Based on nearly 30 years of involvement with the professional services industry, I am convinced that effectively leading a group of professionals is a much tougher challenge than most people realize. Certain characteristics of professionals that allow them to do their jobs effectively create barriers to them being successful in the group setting.

Most professionals are trained to be skeptical and will almost always critically challenge any new idea, bringing to bear their analytical gifts. Getting agreement on even the smallest issues can be tough.

Because of this, it can be very hard to get technically oriented professionals to think beyond their core competency in order to focus on the big picture. Professionals often want to over-study any problem;first, it satisfies their need to eliminate every last ounce of risk before they make a decision, and second, it gives some professionals an excuse to have endless conversations so they will never be required to act.

Professionals often resist accountability, fearing that it ill limit their creativity and ability to find the best solution.

Most professionals like working alone. Keeping a group of professionals in a room is very difficult. They can always leave by saying they have a client commitment when in fact they are not comfortable in the group.

David Swanson of Assante Asset Management observed:

Working within groups is a good philosophy but I wonder how such an approach can manage the insecurity of the individual’s contribution. Individual members contribute to the team but risk losing their own differentiation and possibly their own maximum economic value to themselves and their family. The financial services industry, which I am part of, has never been managed from the top down. It has been entrepreneurial, competitive and transaction oriented. As it moves away from transactions toward fee-for-service planning, it continues to be very competitive but is becoming more collaborative.There is a willingness to nurture a group and its members, yet there is still a fear of not being compensated for the effort.

Unfortunately, the challenge of managing professionals has led many firms and companies to believe that professionals are unmanageable, and as a result, they often give up trying. Group leadership is frequently nonexistent, with group leaders (where they exist) focusing almost exclusively on administrative matters and doing no managing.

We recommend precisely the opposite conclusion. The potential power of having well-coordinated groups is too great to abandon the task. Because managing professionals is complex, it requires more attention to management, not less. Given professionals’ quirks, more managerial skill is needed than in some other environments, not less. What managers of professionals must do might be similar in other environments (hold meetings, inspire people, listen well, provide counseling). How it is done can be quite different, requiring different approaches or an extra degree or two of finesse and style. And the right attitude!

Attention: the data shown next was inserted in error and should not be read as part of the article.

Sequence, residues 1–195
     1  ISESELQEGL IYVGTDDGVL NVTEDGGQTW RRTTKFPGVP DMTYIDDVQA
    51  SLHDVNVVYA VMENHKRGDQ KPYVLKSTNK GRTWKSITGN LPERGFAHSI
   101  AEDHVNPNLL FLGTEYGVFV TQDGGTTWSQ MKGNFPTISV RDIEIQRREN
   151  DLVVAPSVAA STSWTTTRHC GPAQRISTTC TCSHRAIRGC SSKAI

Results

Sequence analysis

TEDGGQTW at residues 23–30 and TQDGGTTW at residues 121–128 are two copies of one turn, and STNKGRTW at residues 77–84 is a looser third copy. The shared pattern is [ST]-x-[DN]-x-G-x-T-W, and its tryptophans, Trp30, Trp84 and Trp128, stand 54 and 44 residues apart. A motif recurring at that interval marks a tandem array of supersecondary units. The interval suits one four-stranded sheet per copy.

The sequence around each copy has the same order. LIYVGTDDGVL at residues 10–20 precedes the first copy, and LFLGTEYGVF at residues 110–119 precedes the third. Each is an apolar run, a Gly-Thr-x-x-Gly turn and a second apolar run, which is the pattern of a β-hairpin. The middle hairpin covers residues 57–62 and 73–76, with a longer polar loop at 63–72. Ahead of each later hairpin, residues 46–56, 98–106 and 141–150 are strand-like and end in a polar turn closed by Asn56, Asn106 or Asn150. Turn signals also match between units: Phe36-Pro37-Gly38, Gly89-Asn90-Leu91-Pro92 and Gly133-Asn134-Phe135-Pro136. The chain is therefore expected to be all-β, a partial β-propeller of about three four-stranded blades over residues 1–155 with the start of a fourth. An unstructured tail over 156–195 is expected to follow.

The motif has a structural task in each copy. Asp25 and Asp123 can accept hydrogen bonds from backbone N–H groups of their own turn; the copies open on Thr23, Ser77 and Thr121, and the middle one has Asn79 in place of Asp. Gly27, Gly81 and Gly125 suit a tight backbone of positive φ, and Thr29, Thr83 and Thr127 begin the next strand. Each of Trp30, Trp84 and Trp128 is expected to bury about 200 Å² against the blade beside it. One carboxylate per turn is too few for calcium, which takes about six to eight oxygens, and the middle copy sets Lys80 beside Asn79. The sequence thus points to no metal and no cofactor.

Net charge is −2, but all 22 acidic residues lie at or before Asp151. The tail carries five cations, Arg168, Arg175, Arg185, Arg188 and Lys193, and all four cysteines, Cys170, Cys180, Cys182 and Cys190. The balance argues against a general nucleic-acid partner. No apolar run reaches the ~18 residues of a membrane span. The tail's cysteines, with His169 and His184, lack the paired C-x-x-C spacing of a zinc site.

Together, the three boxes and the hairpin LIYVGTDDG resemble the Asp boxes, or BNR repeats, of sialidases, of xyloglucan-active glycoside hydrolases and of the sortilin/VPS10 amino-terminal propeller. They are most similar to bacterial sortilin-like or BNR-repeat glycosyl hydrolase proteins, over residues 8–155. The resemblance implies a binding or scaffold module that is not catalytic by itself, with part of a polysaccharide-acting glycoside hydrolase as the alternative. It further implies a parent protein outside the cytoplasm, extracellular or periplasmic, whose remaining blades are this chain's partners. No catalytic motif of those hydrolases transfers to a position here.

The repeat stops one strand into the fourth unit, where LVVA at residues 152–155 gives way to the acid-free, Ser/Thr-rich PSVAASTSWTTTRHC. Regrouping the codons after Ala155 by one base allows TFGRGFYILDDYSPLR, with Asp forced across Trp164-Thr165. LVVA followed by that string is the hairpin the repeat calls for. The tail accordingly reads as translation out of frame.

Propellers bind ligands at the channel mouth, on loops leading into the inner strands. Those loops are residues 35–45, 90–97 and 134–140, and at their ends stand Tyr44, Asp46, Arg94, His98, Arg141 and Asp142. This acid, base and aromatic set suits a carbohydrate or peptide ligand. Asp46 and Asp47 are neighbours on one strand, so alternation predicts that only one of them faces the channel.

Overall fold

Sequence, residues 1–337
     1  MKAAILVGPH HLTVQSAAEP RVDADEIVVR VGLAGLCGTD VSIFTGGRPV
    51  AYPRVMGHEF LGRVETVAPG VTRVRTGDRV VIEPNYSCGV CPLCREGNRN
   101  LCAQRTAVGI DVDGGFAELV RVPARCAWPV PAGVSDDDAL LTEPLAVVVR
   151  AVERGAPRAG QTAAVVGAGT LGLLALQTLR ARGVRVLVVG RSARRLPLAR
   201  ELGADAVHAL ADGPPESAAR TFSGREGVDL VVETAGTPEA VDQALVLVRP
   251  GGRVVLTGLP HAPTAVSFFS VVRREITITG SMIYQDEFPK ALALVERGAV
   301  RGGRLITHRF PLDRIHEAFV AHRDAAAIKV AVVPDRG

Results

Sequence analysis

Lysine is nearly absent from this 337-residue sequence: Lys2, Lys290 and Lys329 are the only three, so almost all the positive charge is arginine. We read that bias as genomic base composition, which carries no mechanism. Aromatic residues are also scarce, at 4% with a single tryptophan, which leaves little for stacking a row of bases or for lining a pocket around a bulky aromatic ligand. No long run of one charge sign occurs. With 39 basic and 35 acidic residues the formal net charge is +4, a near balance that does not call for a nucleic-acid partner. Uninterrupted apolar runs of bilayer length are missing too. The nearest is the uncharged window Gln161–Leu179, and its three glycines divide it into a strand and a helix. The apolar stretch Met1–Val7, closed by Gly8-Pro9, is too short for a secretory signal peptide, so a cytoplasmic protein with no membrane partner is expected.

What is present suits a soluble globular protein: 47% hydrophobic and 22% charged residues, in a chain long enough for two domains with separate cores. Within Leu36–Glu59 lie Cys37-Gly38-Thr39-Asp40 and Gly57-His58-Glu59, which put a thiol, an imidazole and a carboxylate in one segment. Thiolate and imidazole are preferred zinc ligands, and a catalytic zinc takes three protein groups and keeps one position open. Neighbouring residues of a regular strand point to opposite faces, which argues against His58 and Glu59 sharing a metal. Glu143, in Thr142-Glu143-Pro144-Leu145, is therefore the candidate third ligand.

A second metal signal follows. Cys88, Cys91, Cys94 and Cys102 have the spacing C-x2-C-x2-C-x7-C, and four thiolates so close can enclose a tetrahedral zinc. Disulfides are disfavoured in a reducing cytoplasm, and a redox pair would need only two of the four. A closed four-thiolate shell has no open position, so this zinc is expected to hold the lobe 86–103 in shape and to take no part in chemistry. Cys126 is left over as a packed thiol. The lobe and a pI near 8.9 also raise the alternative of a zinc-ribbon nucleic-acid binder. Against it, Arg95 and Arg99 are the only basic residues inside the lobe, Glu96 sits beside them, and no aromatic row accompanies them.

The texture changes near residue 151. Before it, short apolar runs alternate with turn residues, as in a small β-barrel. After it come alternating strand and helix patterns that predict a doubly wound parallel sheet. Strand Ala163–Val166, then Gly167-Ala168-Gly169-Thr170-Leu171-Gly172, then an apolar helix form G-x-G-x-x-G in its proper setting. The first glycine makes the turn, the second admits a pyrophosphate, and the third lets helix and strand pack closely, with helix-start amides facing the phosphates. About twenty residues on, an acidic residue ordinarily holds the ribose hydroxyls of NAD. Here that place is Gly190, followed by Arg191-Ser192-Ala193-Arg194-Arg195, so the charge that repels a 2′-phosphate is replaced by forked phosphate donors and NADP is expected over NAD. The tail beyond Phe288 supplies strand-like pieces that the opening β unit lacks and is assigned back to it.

We will try to show that, to succeed in your role, you will need a willingness to get most of your fulfillment from the success of others. You will also need a special set of skills: the ability to influence other people’s emotions, feelings, attitudes, and their determination. Unfortunately, in many firms, these are not the criteria usually applied in selecting group leaders. All too often the most senior, the best business-getter, intellectual luminary, or financially savvy person is chosen. As a result of this historical (and sometimes political) reality, some firms have found it necessary to appoint two people to lead a practice. One (called something like the practice chair) is the titular head, the luminary, often well known in the marketplace, whose primary focus is representing the group to the marketplace. This person bears no coaching responsibilities, but is backed up by the real group leader, who does the coordinating, counseling, and effectively runs the practice. This is a perfectly acceptable solution. In this book we are assuming that you are the person really doing the day-to-day managing and coaching.

If you recognize any of the issues highlighted in the sidebar, and want to address them, this book is for you. We will try to help you eliminate the barriers and provide you with the knowledge you will need to perform your leadership role effectively.

In our respective previous writings, we have both tried to make the case for management, and for group leaders. Apart from some comments in chapters 1 and 2, this book does not repeat those arguments. Instead, it addresses a question we often receive when the case for management is accepted: OK, we have agreed to have managed teams with group heads focusing on coaching their teams. How do we help them learn how to do it? We describe here what group leaders must do and, in as much detail as we can provide, precisely how to do it.